Main & Vine’s emphasis on fresh produce provides a contrast with Trader Joe’s, whose “Achilles’ heel has always been that it’s average to below average in produce,” Flickinger said.

Three computer monitors let customers order specialty items not found in the store for delivery to their homes — a move that could forestall some customers from fleeing to online retailers.

And its showcasing of local products and support of the local community lift a page from the playbook of independent and small chain stores, such as Metropolitan Market.

Main & Vine also acts as a laboratory for Kroger, with successful experiments likely to find their way into some of its other stores across the country, including Fred Meyer, QFC, Harris Teeter and King Soopers.

Kroger spokesman Keith Dailey declined to give specifics on how the company will evaluate the store’s success, and if or when it might expand to other cities.

Kroger, which in recent years absorbed Harris Teeter Supermarkets and Roundy’s Supermarkets and is reportedly seeking to buy specialty grocer Fresh Market, has traditionally learned from stores it’s acquired and applied those lessons throughout the chain.

It’s “one of the things we think we do very well,” Dailey said.

“Small-town feel”

Kroger is pitching Main & Vine not just as a grocery store but as a community hub, where local products are prominently displayed, community involvement is highlighted and people can hang out in the store’s two-level cafe area.

In the “brew and blend” cafe area, beers including those from Gig Harbor’s 7 Seas Brewing are on tap, and coffee from Gig Harbor’s Cutters Point Coffee is served. Customers can eat sitting at tables and chairs or can people watch from lounge chairs on the upper level.

Local and regional wines and beers are arrayed prominently in the adult-beverage section, Gig Harbor’s Artondale Farm has its own stand for soaps and lotions, local artists painted the murals on the walls, and a product display features a small wooden boat built by Gig Harbor BoatShop.

“It’s got a Whole Foods feel but also a small-town feel,” customer Brian Dansie, 33, a pediatric dentist, said during a recent shopping trip. “I think anything that feels small town does well here.”

Timing is right

Gig Harbor was chosen to launch Kroger’s new concept store because it made sense to test a community-focused brand in a smaller, tightknit community, said Dailey, the Kroger spokesman. Also, the company already knew the community through its former QFC store, and the Pacific Northwest has an ample supply of artisanal food purveyors.

The name came from what the company wanted the brand to represent, with “Main” evoking the Main Street of a community and “Vine” conveying green and fresh.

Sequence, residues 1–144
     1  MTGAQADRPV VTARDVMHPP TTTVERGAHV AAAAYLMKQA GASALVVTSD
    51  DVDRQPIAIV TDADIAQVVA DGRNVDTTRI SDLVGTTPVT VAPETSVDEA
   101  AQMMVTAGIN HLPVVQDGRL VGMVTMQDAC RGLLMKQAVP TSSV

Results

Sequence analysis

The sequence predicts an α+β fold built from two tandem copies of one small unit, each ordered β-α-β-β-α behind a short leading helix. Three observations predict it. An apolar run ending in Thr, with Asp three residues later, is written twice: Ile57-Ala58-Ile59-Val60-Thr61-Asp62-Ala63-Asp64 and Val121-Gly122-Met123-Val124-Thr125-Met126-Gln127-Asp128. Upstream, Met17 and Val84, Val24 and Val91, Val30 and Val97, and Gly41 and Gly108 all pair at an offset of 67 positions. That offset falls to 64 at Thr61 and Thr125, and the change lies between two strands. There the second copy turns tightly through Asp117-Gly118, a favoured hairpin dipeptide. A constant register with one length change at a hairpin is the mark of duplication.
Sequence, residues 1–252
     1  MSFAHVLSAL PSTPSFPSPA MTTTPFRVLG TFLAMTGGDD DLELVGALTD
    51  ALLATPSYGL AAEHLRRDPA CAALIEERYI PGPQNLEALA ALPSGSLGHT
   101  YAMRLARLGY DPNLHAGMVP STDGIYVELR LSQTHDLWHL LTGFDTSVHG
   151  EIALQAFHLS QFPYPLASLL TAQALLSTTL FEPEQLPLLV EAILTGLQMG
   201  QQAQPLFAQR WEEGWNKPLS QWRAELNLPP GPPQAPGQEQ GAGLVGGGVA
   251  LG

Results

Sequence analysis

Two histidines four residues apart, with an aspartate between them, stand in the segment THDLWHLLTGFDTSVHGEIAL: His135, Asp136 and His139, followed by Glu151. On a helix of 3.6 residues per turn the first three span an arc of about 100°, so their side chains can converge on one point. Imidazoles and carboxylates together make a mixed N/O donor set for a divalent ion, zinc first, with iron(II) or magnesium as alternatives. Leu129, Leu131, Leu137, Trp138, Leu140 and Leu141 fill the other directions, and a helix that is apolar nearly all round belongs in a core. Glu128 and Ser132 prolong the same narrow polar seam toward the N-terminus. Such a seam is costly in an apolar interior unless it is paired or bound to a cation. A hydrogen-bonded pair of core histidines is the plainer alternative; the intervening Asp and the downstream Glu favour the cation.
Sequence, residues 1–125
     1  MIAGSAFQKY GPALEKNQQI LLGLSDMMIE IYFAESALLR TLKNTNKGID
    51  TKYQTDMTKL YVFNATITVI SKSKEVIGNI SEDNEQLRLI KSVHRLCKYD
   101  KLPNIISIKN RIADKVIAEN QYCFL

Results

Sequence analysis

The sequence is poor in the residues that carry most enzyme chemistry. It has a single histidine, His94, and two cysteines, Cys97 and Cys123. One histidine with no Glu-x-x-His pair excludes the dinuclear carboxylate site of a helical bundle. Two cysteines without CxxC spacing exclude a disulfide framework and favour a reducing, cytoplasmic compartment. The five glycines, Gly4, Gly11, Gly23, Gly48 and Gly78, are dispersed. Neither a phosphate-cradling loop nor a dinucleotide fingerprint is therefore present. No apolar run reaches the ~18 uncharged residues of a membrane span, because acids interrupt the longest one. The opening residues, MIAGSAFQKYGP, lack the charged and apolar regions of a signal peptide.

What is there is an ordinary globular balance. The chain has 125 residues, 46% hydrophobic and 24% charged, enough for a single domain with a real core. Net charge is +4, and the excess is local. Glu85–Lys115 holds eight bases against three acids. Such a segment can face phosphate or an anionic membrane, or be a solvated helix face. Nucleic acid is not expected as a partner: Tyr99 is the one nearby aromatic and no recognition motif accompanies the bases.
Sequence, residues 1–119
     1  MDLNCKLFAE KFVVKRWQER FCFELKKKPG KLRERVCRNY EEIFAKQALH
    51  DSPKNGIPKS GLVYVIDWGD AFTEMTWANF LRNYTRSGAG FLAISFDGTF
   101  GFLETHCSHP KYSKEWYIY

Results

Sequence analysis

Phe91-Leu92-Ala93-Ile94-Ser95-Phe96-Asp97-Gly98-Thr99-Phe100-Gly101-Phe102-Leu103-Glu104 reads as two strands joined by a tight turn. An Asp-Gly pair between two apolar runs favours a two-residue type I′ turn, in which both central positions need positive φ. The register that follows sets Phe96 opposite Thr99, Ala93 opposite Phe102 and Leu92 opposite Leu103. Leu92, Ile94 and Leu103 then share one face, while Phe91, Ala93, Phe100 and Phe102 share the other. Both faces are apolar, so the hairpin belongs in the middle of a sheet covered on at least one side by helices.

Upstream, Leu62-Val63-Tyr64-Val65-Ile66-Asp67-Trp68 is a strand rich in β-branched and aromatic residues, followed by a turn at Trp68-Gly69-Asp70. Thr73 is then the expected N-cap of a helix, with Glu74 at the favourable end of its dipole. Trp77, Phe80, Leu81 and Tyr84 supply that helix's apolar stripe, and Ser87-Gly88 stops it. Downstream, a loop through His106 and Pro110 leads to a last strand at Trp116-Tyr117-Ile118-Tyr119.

The intention is for Main & Vine to become a one-stop shop where people can buy both artisan, local and fresh products alongside their Diet Coke and Tide, Dailey said.

Flickinger, the Strategic Research Group analyst, believes Main & Vine is going to become a successful destination store.

Gig Harbor, with its small population, could support sales of up to $375 a square foot for a high-end store, he said. Flickinger expects Main & Vine to do even better — up to $900 to $1,000 a square foot, drawing shoppers from up to 15 miles away.

He sees it as part of Kroger’s strategy to “build one of the key cornerstones in being the first truly national food retailer in the U.S. covering every key format.” Those formats include the no-frills, low-price of Food 4 Less; the food, drug and discount combination of Fred Meyer; the traditional food retailing of QFC; and the high-end but affordable blend at Main & Vine.

Flickinger expects Kroger is spending $12.5 million to $15 million for the Main & Vine experiment.

But it’s necessary, he thinks, at a time there’s “a real Darwinian destruction in the supermarket sector in the U.S.”

Discount, warehouse, dollar and other stores have taken away 35 percent of the business from the supermarket sector over the past 25 years, Flickinger said.

Some stores, including independent ones such as Metropolitan Market in Seattle and Tacoma, have been innovative and strong, he said. Whole Foods is also innovating, trying a new, smaller format store called 365 by Whole Foods Market, including a location scheduled to open this year at Bellevue Square.

Said Stern, of McMillanDoolittle: “I think you would find elements of what (Kroger is doing with Main & Vine) in a lot of independents and smaller chains around the country. But I think it’s unusual that we’re seeing it from the largest grocery chain in the country.”